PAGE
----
This is of course a really bad requirement. A lot of people in the world do not know English, and would thus be unable to let anyone know that they will mutually honor some sort of Interspecies Protective Treaty. Mostly, they would be unable to read any such treaty, or reply with the word "yes".
First create a requirement that all human being will pass. Then see if cetaceans do pass it.
English? Where did I say that?
However, communication verbal or nonverbal that conveys agreement to participate in a society is a requirement.
This kind of communication would need to happen either individually or representatives cetaceans would need to come forward who could vouch for others of their species. From there, we'd need to observe whether or not the agreement(s) were being followed. This starts to sound silly, doesn't it? But that's what being a member of a society entails. That's what being "human" or reasonably equivalent to oen entails.
I'm also not sure why they would need to agree to some kind of treaty with humans just to be spared our cruelty. There's no evidence they mean us harm, we have the ability to protect ourselves if they did, let's just leave them alone.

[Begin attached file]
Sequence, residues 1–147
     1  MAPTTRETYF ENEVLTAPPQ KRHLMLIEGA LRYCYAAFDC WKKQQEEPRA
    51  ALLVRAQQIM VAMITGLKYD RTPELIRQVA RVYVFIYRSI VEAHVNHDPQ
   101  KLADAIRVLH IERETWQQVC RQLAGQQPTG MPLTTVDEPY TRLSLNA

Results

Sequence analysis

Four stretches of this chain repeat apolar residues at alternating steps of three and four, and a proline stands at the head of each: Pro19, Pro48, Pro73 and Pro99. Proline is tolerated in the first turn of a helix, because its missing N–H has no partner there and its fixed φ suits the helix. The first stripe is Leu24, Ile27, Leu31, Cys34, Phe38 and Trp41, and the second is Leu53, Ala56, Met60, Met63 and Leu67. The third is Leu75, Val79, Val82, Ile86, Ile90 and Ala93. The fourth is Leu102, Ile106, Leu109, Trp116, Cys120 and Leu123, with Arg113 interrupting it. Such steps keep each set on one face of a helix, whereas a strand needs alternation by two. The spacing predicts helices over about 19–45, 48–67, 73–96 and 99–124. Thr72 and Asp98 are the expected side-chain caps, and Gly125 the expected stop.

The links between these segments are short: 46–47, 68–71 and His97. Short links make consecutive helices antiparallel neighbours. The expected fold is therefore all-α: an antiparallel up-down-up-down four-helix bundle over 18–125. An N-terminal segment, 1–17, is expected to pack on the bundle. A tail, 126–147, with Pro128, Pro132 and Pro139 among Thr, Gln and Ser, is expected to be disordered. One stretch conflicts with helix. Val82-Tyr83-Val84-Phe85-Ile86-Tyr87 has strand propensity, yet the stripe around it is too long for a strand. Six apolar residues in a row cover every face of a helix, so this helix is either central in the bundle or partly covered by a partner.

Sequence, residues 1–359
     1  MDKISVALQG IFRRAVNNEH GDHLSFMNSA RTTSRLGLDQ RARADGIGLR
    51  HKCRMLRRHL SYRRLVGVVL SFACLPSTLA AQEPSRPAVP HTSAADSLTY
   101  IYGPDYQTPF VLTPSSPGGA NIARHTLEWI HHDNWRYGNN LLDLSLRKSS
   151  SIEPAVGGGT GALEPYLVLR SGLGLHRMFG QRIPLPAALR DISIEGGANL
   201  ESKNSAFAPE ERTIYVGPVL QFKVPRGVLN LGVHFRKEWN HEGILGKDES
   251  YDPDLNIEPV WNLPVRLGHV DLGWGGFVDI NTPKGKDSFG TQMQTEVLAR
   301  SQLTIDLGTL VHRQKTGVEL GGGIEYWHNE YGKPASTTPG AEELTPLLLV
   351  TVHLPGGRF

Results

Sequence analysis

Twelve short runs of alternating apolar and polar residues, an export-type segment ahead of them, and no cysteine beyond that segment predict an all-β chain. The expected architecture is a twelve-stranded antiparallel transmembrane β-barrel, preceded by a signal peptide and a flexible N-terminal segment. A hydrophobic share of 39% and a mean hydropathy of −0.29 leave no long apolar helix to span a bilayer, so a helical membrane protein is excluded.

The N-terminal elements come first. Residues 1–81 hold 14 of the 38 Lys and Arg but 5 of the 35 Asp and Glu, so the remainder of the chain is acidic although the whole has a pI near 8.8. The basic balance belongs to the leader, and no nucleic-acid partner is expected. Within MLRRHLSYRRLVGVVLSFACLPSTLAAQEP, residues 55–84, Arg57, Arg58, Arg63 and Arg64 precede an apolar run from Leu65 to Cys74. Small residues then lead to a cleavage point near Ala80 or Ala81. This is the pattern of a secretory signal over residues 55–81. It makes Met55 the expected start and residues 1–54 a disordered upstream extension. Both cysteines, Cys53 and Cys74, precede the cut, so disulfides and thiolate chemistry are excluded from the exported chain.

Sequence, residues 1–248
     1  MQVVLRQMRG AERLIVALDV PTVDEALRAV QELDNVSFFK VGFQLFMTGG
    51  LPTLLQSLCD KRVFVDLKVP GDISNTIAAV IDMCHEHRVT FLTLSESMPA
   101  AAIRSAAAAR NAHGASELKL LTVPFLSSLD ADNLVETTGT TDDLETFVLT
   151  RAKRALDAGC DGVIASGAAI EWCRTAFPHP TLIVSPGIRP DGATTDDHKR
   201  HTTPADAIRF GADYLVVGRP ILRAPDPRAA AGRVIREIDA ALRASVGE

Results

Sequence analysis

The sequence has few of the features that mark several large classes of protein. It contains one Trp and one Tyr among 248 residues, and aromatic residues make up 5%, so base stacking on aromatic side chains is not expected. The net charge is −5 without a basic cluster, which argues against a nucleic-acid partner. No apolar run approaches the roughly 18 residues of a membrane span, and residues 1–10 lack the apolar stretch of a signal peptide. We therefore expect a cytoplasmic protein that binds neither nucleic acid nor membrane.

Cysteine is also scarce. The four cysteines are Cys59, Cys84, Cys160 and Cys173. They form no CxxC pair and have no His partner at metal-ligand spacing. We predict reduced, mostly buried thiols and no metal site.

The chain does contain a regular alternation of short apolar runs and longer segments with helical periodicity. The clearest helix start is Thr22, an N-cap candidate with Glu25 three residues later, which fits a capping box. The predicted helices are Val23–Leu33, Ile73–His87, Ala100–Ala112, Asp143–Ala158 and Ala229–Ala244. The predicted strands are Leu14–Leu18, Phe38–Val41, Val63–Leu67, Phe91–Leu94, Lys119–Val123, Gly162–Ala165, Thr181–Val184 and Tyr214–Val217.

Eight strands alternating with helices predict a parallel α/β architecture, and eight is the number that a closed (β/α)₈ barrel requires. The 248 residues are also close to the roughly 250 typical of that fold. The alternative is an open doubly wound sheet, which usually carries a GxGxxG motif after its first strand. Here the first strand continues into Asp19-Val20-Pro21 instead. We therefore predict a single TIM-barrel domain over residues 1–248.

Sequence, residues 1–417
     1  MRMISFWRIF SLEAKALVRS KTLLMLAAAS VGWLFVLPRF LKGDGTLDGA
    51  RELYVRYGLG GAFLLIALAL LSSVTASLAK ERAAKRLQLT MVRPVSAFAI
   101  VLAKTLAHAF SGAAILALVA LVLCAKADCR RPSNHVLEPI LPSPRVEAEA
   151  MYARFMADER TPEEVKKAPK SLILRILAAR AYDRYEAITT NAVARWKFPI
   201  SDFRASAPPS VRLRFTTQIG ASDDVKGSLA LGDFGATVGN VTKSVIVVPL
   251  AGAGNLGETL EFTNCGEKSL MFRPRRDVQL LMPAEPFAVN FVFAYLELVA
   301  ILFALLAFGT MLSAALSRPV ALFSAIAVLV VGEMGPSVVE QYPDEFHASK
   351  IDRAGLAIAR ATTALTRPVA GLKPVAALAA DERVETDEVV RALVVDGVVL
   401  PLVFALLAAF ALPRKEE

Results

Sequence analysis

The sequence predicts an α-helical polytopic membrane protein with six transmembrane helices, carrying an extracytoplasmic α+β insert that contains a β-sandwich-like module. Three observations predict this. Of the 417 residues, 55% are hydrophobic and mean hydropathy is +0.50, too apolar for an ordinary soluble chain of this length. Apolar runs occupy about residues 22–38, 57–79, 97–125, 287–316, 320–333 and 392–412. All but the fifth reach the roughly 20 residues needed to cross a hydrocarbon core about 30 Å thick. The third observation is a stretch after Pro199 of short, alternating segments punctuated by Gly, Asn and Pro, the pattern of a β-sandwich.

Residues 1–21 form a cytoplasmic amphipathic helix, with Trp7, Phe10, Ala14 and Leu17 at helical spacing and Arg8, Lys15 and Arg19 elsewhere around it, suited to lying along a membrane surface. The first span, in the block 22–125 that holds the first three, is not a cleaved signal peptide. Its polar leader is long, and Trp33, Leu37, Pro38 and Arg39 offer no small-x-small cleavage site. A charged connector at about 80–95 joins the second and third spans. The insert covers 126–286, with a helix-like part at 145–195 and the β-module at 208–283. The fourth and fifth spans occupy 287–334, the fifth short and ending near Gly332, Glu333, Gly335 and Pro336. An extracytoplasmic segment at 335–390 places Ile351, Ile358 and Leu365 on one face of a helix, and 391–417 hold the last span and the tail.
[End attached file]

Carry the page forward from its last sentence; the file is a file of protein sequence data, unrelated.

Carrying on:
That's a strawman. The proposal was to give Dolphins "the same rights as humans".
Protection of the creatures from hunting and physical exploitation is sufficient and something normally agreed to through international treaties. Equating cetaceans with humans is unnecessary and illogical.
The proposal is not equating humans and cetaceans. It is stating that cetaceans are close enough to humans that we should respect their life and not treat them a property. One hopes that an alien species landing on Earth would feel the same about humans...
Humans have to make the first step and propose a first draft because of their current position of power. Unfortunately, cetaceans so far haven't taken time to try to learn how to communicate with humans. A treaty with cetaceans would be a display of pure goodwill, as opposed to e.g. peace treaties between mutually menacing powers.
Another interesting question is how many treaties are needed, since cetaceans are obviously no more unified than humans.